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Antifolk journeyman Pridemore gets heavy on his new album

Metal is my only friend

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While the average listener may not be familiar with Brook Pridemore's extensive career, they may know the New York antifolk scene that he immersed himself in since the onset of his time as a working musician. "Through hearing about antifolk — this was when the Moldy Peaches were still together, so the phrase was on the tip of everyone's tongue — I found my way to the Sidewalk Bar and Restaurant," Pridemore says. "That was ground zero for antifolk."

Beginning his long life as an underground mainstay in 2003 with Metal and Wood, Pridemore has remained a stalwart friend to the antifolk scene and all of its unorthodox techniques.

Pridemore's most recent work, Metal is My Only Friend, is a disparate compilation of influences that the singer has held dear for most of his career. But, his 2018 LP synthesizes them, spotlighting Pridemore's abilities as a sonic chemist.

"I chose to play most of the instruments on Metal is My Only Friend myself because I'd been having a hard time communicating with my band mates exactly what I wanted from them," the songwriter says. "I wanted to make a 'solo' record, but have it be more than just my voice and guitar."

Pridemore lists a wonderful group of artists as inspirations for the album's sound. From Swans to Smog, Wilco to Wu-Tang, he's got a musical melting pot cooking on Metal is My Only Friend.

Like a slow headbang on a hitchhike across the Midwest, "Who's Gonna Build My Deathray?" thumps its way into the next phase of Brook Pridemore. The singer's guitar tone is so heavily distorted that the only thing relating back to the tonal theme is the smack of acoustic guitar strumming in the background. Pridemore transitions from smooth vocal projections to a cracking scream on a dime.

"Cupcake Empire" gives Pridemore's absurd lyrics a playground that's caked in thudding basslines. "The Cupcake Empire's crumbling/ the culture is a lie/ and I have nowhere left to hide," he sings with conviction.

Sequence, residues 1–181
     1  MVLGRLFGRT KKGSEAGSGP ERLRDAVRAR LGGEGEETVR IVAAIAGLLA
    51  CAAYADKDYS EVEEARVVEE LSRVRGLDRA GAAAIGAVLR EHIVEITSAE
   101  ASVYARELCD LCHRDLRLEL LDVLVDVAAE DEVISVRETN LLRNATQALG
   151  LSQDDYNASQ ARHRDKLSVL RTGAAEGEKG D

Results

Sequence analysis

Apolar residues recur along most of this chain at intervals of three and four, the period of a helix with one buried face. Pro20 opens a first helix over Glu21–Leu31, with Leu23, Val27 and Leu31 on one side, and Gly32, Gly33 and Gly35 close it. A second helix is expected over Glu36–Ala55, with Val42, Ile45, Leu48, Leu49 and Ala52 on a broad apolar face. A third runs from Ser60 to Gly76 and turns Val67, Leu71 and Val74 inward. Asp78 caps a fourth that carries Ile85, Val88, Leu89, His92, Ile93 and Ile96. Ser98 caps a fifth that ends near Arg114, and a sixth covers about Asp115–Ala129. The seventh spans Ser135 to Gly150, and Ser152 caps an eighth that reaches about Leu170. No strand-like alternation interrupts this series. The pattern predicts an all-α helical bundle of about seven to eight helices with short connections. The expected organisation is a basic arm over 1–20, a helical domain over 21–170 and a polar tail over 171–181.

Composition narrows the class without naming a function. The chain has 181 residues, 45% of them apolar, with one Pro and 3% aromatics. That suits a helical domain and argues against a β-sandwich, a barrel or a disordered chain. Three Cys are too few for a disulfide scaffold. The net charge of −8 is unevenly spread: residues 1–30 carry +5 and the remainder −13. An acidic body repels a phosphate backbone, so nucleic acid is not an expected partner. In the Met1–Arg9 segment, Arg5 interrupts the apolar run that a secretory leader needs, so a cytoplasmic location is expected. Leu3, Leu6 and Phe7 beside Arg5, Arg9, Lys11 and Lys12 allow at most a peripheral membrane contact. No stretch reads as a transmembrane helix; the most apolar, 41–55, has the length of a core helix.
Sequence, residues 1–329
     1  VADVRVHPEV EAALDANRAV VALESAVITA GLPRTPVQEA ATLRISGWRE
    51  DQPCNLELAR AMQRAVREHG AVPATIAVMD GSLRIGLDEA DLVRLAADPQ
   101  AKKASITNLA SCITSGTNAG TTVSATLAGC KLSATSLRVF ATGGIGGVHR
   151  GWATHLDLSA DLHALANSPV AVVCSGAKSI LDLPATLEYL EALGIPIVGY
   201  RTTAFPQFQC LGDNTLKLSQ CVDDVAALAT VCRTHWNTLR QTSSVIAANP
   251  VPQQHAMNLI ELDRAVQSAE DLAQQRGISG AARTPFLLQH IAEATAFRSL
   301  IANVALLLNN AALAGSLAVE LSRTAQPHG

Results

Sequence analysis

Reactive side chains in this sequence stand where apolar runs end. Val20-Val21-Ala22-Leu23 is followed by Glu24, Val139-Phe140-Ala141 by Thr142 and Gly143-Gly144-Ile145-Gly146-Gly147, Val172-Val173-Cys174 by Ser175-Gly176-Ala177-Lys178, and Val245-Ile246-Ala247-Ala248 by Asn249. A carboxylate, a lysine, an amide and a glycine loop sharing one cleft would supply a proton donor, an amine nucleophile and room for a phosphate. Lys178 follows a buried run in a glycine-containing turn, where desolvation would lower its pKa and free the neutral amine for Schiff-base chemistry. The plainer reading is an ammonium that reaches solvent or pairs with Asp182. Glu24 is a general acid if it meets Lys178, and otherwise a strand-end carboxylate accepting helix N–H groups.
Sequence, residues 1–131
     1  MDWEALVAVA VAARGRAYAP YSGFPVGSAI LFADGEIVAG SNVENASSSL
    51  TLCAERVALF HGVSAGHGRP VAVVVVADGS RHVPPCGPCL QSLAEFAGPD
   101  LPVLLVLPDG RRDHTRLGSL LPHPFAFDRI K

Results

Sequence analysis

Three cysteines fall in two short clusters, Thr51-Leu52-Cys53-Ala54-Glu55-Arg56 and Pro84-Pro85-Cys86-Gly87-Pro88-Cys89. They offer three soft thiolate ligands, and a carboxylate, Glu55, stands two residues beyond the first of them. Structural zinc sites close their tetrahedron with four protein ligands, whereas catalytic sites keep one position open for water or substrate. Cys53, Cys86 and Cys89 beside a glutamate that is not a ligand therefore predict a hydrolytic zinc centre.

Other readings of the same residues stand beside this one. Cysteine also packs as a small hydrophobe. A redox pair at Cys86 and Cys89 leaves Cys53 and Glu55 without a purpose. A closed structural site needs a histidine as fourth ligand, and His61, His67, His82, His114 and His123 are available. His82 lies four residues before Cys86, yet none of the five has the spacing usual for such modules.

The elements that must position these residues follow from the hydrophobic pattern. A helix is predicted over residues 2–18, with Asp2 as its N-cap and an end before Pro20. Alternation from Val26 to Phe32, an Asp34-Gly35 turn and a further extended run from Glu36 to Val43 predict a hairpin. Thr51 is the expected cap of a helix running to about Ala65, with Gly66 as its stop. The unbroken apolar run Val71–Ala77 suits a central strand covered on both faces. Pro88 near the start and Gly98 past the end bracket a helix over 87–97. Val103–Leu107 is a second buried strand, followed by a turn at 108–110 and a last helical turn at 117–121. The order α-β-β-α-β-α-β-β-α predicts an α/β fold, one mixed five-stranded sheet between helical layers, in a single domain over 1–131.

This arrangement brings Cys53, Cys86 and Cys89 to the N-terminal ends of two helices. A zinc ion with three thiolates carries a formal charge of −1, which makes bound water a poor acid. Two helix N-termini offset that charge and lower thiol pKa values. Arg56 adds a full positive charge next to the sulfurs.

"As I was writing these songs, I started to want to introduce little bits of the metal I've been diving into the last few years," Pridemore says. "Metal was new to my life in about 2012, and I noticed over time that the heavy music I was drawn to bore a lot of similarity to the austerity of a lot of the more 'folk' music I like."

While you won't hear anything that compares to the latest Sunn O))) album in heaviness, there is a defiant crunch to the guitar and slow-burst drums on some tracks that feel like a lost Black Sabbath demo.

Take the darkly comic "I Will Drink Your Blood," as an example of Pridemore's lyrical skills. He effortlessly flows rhyme after rhyme with a skip in his voice. "Even if we never find our way to the well/ I was raised by wolves/ I can still raise hell/ Even if we only get the light from above/ I am filled with love/ I will drink your blood," in one of the album's most poetic dashes.

"No Tiger, Ever" acts as a startlingly affecting ballad with minimal lyrics. "No tiger ever changed its stripes/ But I would gladly bleed to death/ To lay down in your paws again," he slowly sings. The sounds of reversed notes slowly leak out the song's wounded heart as it fades.

"Spiritually, the record was inspired by the death of my mother, and my own journey toward finding god," Pridemore says.

Album closer "Carrie Fisher" has Pridemore exploring and ruminating on the life events he was subjected to. In a morose triumph, he comes to a conclusion about misfortune. "If I lose my place at breakfast/ buddy, I could make myself a sandwich/ Breaking bread with other heathens/ Seems to me the point of eating," he says while the guitar clips one last time.

As his prolific discography hints, the singer has new music that he's working on. "After a long period of not really writing — I got more into painting, the last couple years — the last few months have found a number of songs coming out of me," he says.

Pridemore says the next album will be about his life growing up and adds that the album after that will be 'Nick Drake, but with harsh noise.'"

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